To participants in the Colombo process, including governments in Asia and the Middle East, and the International Organization for Migration (IOM):
We, the undersigned groups, represent migrants’ associations, trade unions, human rights groups, and other civil society organizations across Asia. We are writing on December 18, 2007, International Migrants’ Day, to call upon you to implement key reforms to respect and uphold migrants’ rights.
On January 21-22, 2008, the United Arab Emirates will host the latest round of the “Colombo Process,” a series of regional consultative processes focused on Asian contract migrant workers. We believe this meeting could provide an important stepping stone to establishing regional minimum standards regarding recruitment, employment, and protection of migrant workers.
Tens of millions of Asian men and women work as fixed-contract migrants in both Asia and the Middle East, typically in domestic work, construction, manufacturing and agriculture. While many migrants are able to realize dreams of earning money and visiting new places, others are deceived about their working conditions, cheated out of the rightful wages, abused by their employers, and deported without access to redress.
Extensive documentation and experiences of governments, UN agencies, NGOs, trade unions, and migrants’ associations have clearly and repeatedly highlighted specific labor and immigration policies that expose migrant workers to human rights abuses. We call upon you to address the following five reforms in the agenda for the January meetings and to make commitments toward their realization:
Extend equal protection to domestic workers under labor laws
This includes provisions for one day off per week, overtime pay, limits on salary deductions, access to labor courts, annual leave, and other benefits. Establishing standard contracts or separate laws with weaker protections than those in existing labor laws are not a substitute for providing domestic workers equal protection under the law.
Reform the kafala or “sponsorship” visa system
Employment visas that tie workers to their employers make it difficult for workers to change employers, even in cases of abuse, and sometimes require them to obtain their employer’s consent before leaving the country. Recent reforms have not gone far enough and can be easily exploited by employers and recruiters. Workers’ visas should not be linked to employers.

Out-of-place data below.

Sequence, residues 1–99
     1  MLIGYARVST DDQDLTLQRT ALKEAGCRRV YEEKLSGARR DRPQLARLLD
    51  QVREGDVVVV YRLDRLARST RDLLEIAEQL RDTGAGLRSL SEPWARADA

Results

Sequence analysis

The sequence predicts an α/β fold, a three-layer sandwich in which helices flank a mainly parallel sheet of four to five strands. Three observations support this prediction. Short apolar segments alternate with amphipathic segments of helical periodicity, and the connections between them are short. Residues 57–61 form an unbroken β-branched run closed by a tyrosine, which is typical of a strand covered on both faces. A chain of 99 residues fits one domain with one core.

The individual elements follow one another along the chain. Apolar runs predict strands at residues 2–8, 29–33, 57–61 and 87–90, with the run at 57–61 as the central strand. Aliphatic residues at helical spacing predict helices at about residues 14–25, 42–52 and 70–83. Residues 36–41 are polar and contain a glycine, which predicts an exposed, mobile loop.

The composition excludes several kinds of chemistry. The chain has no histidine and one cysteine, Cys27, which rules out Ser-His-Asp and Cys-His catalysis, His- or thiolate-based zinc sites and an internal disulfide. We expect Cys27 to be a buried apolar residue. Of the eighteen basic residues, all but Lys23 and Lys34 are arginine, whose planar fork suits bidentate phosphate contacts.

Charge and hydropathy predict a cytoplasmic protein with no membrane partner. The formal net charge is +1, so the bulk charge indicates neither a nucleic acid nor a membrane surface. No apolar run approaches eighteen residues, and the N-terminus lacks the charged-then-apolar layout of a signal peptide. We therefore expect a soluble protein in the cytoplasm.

Increase regulation and monitoring of labor recruitment and placement agencies
Both sending and receiving countries have a responsibility to establish minimum standards for labor recruitment agencies, monitor them rigorously, including through surprise inspections, and to punish those that exploit or abuse migrants. Governments should set clear standards for recruitment fees or eliminate them completely.
Ensure migrants have access to justice and support services
Migrants who face abuse often suffer double victimization. To ensure equal protection under the law, and to respond to forced labor and trafficking, governments should 1) provide support services for abused migrants, including shelter, medical care, counseling, temporary residence status, and access to legal aid; 2) speedy and transparent mechanisms to resolve wage disputes, claims of mistreatment, and other employment issues; and 3) prosecute cases of abuse against migrants through the criminal justice system.
Ensure migrants enjoy due process
Migrants who find themselves in conflict with the law, or who are accused, justly or unjustly, of committing crimes may not have access to interpreters or legal aid undermining their right to a fair hearing or trial, including the right to adequately prepare and conduct his or her defense. Governments should ensure that migrants have access to interpretation, consular officials, and legal aid in the case of arrest for an alleged crime.
We also call upon the conveners of the Colombo process, including the International Organization for Migration, to include representatives of migrants’ associations, trade unions, and NGOs in such regional dialogues. And finally we urge governments to ratify and enforce the Convention on the Rights of Migrant Workers and Members of their Families and other relevant international United Nations and International Labor Organization (ILO) treaties.
Thank you for your attention and we look forward to hearing from you.
Action Network for Migrant Workers (ACTFORM)
Asia Pacific Forum for Women, Law and Development (APWLD)
Asian Domestic Workers Assembly (ADWA)
Asian Migrant Centre
Center for Indonesian Migrant Workers
Center for Migrant Advocacy
Coalition for Migrants’ Rights
The Confederation of Public Service Independent Trade Unions (COPSITU)
The Free Trade Zones & General Services Employees Union (FTZ&GSEU)
Human Rights Watch
Humanitarian Organisation for Migrant Economics (HOME)
International NGO Forum on Indonesian Development (INFID)
Migrant Forum in Asia
Migrant Services Centre
National Workers Congress
The Progress Union
Solidaritas Migran Scalabrini (SMS)
Indonesia, the Philippines
Transient Workers Count Too (TWC2)